Thursday, January 19, 2012

Tale of two movies (turned into TV shows)

I should have know I was in trouble when we did our TV fantasy draft.

Thinking clearly wasn't really a top priority, if you look at my list. The only shows I was really excited for were "The River" and "Awake" (which, who knows when that's starting.)

All the other shows are "I guess I'll watch that." And look what happens...

Two new television series based off successful movies.

First up is the new animated Fox series "Napoleon Dynamite." I think what made the movie popular was there was nothing like it at the time. It was weird, but not too weird and a lovable level of clever.

The TV show tries to catch lightning in a bottle by using everyone from the movie. While that does create a nice consistency, other issues prevented me from enjoying it.

Maybe the problem is that the movie was one thing, a one and done type thing, but more of it just doesn't work. Heck, I love root beer floats, but too much of it and I get sick of it.

Like a lot of new comedies this season, I just didn't find it funny. There was one moment in the pilot that made me smile: parts of the episode take place at a kid's pizza place and there is a robot band performing just like at Chuckie Cheese's when I was a kid. They got details right that made me smirk and think good thoughts.

But then the main plot of the show, an acne skin cream that turns you into a rage monster, brought me back to reality. While cute at points, it's beyond stupid at others.

The ratings were pretty good, so maybe I'm wrong.

On the other side is the new NBC drama "The Firm."

Based on the John Grisham novel, which then was turned into a 1993 Tom Cruise movie.

Yes, a book turned into a movie turned into a television show. Way to keep it original NBC.

The show stars Josh Lucas as Mitch McDeere, who is coming out of 10 years of Witness Protection after the events of the film.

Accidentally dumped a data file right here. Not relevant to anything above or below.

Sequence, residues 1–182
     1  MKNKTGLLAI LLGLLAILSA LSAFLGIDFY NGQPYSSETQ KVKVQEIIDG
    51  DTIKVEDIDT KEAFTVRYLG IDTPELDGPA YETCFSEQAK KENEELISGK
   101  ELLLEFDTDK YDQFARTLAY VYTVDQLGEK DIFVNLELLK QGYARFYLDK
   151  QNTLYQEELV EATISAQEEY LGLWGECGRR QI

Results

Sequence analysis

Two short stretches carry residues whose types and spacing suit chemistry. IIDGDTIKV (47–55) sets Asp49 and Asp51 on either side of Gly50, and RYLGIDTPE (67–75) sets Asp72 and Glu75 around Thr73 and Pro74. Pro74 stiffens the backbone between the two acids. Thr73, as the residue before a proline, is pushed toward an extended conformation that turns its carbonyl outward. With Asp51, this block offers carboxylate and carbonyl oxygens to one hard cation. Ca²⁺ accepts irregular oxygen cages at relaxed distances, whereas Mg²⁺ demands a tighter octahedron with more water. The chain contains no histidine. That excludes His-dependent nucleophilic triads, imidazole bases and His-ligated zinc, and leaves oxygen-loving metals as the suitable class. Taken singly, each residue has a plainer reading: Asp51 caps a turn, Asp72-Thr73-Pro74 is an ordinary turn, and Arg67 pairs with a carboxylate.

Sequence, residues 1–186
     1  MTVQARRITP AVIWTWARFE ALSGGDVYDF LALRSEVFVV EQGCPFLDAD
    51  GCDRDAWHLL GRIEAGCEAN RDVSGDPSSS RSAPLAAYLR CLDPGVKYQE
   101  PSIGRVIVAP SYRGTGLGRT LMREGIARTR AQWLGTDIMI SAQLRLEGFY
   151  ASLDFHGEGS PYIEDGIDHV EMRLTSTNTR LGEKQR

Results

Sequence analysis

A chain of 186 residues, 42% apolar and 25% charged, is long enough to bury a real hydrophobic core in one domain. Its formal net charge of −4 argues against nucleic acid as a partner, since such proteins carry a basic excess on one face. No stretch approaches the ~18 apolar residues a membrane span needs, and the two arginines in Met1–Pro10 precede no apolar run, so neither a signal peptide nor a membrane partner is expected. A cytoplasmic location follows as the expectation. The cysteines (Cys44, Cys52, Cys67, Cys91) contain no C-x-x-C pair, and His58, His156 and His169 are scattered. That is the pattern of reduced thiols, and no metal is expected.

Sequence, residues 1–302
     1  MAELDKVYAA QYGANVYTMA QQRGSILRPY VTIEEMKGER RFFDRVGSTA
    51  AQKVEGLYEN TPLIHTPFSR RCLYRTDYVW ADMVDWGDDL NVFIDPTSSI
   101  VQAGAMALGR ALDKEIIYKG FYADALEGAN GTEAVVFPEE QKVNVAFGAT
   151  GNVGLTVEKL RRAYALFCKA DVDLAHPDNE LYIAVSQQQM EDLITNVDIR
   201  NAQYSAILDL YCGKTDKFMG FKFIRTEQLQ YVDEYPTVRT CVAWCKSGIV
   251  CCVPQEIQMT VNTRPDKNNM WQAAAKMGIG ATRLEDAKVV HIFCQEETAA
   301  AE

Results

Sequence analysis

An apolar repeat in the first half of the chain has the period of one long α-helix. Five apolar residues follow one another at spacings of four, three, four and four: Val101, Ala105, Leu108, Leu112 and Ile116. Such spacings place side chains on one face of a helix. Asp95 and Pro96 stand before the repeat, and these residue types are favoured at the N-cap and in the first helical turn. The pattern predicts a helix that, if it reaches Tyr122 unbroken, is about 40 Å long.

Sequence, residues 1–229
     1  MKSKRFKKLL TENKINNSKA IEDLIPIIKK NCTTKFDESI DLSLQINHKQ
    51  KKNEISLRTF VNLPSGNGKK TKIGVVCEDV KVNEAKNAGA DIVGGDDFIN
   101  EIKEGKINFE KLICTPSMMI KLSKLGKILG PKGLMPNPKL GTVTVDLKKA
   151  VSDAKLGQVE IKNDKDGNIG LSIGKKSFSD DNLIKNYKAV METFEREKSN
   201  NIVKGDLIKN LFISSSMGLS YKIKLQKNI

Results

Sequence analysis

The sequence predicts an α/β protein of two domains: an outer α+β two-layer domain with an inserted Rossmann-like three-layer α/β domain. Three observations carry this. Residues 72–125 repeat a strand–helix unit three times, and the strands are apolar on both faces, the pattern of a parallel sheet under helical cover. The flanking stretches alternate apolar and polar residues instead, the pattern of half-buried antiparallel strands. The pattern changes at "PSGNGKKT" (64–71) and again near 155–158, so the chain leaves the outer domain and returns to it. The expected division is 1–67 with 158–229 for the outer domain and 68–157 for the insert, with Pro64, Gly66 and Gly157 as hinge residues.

You see, Tom Cruise might have taken down the firm and made a deal with the mob, but the US government finds a way to take down the mob using the information he provided. Hence, Witness Protection.

But, McDeere is the most unlucky man on the planet because not only is the mob after him again, but he AGAIN joined an evil firm.

Instead of an evil Gene Hackman to deal with, this McDeere has an evil, yet sexy, Tricia Helfer ("Battlestar Galactica") to worry about.

And here's my major problem with the show: flashbacks.

Listen, er look, "Lost" was one thing, but I'm not getting into a bunch of shows that do the whole flashback thing EVERY episode.

Part of each episode follows the present day where McDeere is running for his life. Then a majority of the episode is the past where he does a case of the week. Oddly enough the first two episodes were young men murdering people.

Other than the flashback issue there isn't much else wrong with the show. The acting is great. Lucas does a great job, in fact he does such a good job you're not even thinking about Tom Cruise. The first episode got a tad boring halfway in, but saved itself with a good ending.

I really don't know if I can, or want to, invest the time to watch this each week. Especially when "Alcatraz" (review coming soon) does the flashback thing better.

Pass and, maybe, pass.

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